WhatsApp announced on Monday that it will allow users to edit messages for up to 15 minutes after being sent, in a move that will see it match a feature offered by competitors like Telegram and Signal.
The instant-messaging service is part of US technology giant Meta, which also owns Facebook and Instagram.
The feature will be made available to WhatsApp’s 2 billion users in the coming weeks. Whatsapp counts India as its largest market, with 487 million users.
“From correcting a simple misspelling to adding extra context to a message, we’re excited to bring you more control over your chats,” the messaging service said in a blog post.
“All you need to do is long-press on a sent message and choose ‘Edit’ from the menu for up to fifteen minutes after,” it added.
Edited messages will be tagged as “edited”, so recipients are aware that the content has been changed. However, they will not be shown how the message has been tweaked over time.
“As with all personal messages, media and calls, your messages and the edits you make are protected by end-to-end encryption,” WhatsApp added.
Meta founder, Mark Zuckerberg, also posted about the new feature, writing on his Facebook page: “You can now edit your WhatsApp messages up to 15 mins after they’re sent!”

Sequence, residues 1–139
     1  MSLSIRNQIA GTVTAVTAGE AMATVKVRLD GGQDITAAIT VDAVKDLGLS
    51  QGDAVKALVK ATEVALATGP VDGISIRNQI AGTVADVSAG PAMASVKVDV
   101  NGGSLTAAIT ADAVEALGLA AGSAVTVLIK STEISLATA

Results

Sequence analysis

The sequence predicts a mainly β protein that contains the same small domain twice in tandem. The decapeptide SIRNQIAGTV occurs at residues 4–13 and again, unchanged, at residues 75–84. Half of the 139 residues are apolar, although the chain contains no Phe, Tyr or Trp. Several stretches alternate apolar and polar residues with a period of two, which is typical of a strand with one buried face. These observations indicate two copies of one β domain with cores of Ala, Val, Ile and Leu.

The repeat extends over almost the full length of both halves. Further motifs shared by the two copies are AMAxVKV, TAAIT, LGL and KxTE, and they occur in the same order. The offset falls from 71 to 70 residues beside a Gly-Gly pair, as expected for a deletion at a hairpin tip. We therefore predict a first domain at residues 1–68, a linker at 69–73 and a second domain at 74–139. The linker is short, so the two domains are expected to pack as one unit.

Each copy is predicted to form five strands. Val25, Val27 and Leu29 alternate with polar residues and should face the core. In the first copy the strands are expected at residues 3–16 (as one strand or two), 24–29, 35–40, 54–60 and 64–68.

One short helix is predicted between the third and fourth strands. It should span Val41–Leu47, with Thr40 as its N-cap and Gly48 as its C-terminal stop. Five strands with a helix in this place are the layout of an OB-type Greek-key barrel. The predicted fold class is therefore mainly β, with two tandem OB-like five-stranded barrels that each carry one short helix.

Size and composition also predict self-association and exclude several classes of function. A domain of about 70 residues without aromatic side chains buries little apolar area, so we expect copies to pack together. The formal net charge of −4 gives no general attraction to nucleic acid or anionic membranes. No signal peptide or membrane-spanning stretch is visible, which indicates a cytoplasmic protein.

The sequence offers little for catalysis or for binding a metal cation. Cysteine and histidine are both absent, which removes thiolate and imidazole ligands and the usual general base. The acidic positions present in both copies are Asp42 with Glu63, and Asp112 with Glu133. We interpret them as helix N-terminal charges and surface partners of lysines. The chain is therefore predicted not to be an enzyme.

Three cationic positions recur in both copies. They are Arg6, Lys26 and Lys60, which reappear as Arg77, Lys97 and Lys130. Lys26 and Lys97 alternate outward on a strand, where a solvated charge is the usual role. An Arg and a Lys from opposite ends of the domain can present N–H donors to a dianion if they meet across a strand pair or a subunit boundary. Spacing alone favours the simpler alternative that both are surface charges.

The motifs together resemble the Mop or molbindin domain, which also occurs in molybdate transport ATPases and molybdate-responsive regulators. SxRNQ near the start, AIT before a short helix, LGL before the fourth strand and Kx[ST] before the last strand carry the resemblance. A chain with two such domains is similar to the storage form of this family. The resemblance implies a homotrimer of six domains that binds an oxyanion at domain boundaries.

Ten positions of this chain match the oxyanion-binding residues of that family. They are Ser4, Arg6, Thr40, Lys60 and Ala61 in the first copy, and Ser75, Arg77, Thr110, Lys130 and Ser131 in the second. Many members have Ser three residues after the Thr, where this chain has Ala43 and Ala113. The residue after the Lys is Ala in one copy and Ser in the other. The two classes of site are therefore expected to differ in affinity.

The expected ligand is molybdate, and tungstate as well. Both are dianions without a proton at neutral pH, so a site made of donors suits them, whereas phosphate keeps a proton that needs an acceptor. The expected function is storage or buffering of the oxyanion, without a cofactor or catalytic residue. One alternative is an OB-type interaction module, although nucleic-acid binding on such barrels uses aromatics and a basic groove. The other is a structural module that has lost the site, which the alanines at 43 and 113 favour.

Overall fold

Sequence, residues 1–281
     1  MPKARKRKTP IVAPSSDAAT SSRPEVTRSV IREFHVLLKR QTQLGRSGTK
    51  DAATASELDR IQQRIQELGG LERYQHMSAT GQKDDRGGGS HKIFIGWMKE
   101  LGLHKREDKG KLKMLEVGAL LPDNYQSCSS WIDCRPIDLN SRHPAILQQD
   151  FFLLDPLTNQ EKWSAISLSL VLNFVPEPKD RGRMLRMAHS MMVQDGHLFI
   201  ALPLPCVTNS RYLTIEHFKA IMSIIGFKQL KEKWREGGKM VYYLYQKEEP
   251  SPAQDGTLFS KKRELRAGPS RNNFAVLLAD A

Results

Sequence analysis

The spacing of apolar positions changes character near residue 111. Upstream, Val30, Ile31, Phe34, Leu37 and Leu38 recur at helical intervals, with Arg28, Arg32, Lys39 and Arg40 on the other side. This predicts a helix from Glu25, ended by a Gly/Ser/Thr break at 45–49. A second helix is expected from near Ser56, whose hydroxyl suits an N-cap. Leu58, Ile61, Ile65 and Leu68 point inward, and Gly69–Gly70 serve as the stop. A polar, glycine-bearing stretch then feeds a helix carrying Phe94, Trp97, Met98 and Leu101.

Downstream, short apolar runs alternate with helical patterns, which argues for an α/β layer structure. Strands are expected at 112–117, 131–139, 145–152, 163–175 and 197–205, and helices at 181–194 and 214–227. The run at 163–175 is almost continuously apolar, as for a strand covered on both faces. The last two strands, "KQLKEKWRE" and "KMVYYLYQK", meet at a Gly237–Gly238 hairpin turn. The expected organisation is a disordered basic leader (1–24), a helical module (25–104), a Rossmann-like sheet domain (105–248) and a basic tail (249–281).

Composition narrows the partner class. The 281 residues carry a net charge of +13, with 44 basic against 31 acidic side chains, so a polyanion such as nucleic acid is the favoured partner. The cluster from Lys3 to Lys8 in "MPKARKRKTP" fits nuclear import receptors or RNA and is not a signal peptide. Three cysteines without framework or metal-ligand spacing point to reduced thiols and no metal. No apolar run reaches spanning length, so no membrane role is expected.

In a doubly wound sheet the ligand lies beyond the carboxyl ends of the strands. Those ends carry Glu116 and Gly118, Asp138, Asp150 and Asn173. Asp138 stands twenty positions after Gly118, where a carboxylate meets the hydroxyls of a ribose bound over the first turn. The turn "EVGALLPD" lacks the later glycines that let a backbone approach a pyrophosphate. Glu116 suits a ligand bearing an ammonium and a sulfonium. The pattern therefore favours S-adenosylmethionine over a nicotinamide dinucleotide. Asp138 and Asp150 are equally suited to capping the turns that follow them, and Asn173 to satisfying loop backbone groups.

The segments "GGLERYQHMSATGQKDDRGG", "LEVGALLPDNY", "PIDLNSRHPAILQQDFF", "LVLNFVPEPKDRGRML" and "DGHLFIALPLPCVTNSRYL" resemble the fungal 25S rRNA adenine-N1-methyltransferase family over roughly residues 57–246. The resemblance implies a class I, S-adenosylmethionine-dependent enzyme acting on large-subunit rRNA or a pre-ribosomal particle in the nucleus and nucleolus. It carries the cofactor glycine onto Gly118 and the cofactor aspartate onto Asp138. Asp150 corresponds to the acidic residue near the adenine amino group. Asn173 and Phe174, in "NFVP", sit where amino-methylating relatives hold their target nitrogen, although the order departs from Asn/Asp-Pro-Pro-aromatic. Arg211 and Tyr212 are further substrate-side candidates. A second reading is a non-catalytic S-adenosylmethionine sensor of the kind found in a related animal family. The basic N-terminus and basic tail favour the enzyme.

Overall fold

WhatsApp edit messages feature follows Facebook, Twitter
WhatsApp’s announcement came after the feature was offered by messaging services Telegram and Signal.
The edit function was introduced by Facebook almost a decade ago. Around that time, Facebook revealed that more than half of its users accessed the site on mobile phones, which are more prone to typing errors.
On Facebook, updates that are modified are marked as edited. A history of the edits is also available for users to view.
Last year, Elon Musk’s social media platform Twitter said it was giving its paying subscribers the ability to edit their tweets.
Tweets can be edited a few times in the 30 minutes after posting.
“Tweeting will feel more approachable and less stressful,” Twitter said in a blog post at the time.
“You should be able to participate in the conversation in a way that makes sense to you and we’ll keep working on ways that make it feel effortless to do just that,” the platform added.
WhatsApp was founded in February 2009 by Brian Acton and Jan Koum, former employees of Yahoo! It was acquired by Facebook in February 2014 for approximately US$19.3 billion.
It became the world’s most popular messaging application by 2015, and had more than 2 billion users worldwide by February 2020.
By 2016, it had become the primary means of Internet communication in regions including Latin America, the Indian subcontinent, and large parts of Europe and Africa.